The Bush administration has asked the Supreme Court to hear a case that could reinstate a ban on partial-birth abortions. The request was made last week, asking the Court to reverse a ruling by a federal appeals court that said banning the practice was unconstitutional.
The case could be heard by next spring and provides a glimpse at the upcoming 2005-2006 Supreme Court session, which begins on Monday. During the year, Justices are already scheduled to hear various cases involving life related issues, including parental notification for abortion, abortion protests in relation to the application of racketeering laws, and an assisted suicide case.
"This no longer puts the abortion issue in the abstract with the Supreme Court. This is as live a controversy as you can get," Jay Sekulow, chief counsel of the American Center for Law and Justice, told the Associated Press.
Abortion was one of the central topics addressed during the recent confirmation hearings for newly-installed Supreme Court Justice John G. Roberts, Jr. Now, after Roberts confirmation, there is still one remaining spot on the High Courts bench that could play a pivotal role in the outcome of such case. Justice Sandra Day OConnor, who announced her retirement in July, was considered to be a crucial swing vote in many of the Courts 5-4 rulings.
President Bush is expected within days to make his second Supreme Court nomination, one that conservatives hope will move the court to the right. While, replacing the late William H. Rehnquist with Roberts keeps the courts current balance, replacing the moderate Justice OConnor with a conservative could tilt it rightward.
I am hoping the Supreme Court will take the partial-birth abortion case because it is clear that the government does have a vital and compelling interest in preventing the spread of the practice of abortion into infanticide, Sekulow said. It is time for the Supreme Court to put an end to this abhorrent practice once and for all.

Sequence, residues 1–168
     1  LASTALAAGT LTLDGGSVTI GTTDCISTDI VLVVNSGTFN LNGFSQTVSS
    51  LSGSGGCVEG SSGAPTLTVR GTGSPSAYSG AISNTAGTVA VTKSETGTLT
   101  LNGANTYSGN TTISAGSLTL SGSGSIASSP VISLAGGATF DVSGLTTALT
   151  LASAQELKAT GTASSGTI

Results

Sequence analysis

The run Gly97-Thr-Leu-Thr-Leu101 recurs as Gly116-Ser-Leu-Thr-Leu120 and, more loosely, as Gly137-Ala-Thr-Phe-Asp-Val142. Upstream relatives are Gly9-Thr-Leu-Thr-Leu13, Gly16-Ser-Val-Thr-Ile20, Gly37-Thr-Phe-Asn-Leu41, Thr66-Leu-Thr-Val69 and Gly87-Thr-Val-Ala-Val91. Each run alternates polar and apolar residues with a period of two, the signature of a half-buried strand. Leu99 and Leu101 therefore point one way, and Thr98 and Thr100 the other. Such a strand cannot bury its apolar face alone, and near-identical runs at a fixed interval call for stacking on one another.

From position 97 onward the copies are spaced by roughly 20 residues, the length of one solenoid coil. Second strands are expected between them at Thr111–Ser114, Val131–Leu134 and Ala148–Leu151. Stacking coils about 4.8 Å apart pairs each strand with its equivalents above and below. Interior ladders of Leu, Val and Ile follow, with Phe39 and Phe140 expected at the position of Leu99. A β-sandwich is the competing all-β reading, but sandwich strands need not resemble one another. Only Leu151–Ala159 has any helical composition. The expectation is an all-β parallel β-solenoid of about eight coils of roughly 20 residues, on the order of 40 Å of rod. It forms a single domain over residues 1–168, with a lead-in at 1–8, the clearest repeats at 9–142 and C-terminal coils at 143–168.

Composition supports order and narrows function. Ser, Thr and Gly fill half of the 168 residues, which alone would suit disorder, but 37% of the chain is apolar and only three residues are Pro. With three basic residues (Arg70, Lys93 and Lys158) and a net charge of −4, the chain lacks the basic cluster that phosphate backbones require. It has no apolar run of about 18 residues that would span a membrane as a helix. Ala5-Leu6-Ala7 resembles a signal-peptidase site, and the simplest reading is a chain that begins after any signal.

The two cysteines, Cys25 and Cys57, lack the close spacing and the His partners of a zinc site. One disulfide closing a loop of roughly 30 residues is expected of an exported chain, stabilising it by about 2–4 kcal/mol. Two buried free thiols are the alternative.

The 2003 federal Partial-Birth Abortion Ban Act sought to prohibit a procedure where the fetus, usually in its second and third trimester, is partially delivered before being killed.
However, due to legal challenges the law never went into effect. The 8th District Court of Appeals based in St. Louis ruled that the law was unconstitutional because it did not contain an exception to protect the health of the mother.
The current definition of health for the mother, based on Supreme Court precedent, includes emotional, psychological, familial, and the womans age, as factors that determine whether the procedure should take place.
However, the federal law that Congress approved in 2003 and that the Bush administration is trying to reinstate only said the procedure could be done to protect the life of the mother.
To explain why the partial birth law should be allowed to stand, the recent appeal filed by Solicitor General Paul Clement referred to a related case in 2000.
In that year, the Supreme Court struck down a partial birth law at the state level for similar reasons. In the case of Stenberg v. Carhar, the court ruled that a Nebraska law banning certain forms of abortion was unconstitutional because the ban presented an undue burden on the womens right to an abortion and did not have an exception for the health of the mother.
In the government's appeal, Clement noted the 2000 decision but said Congress determined that type of late-term abortion is not needed to preserve a woman's health.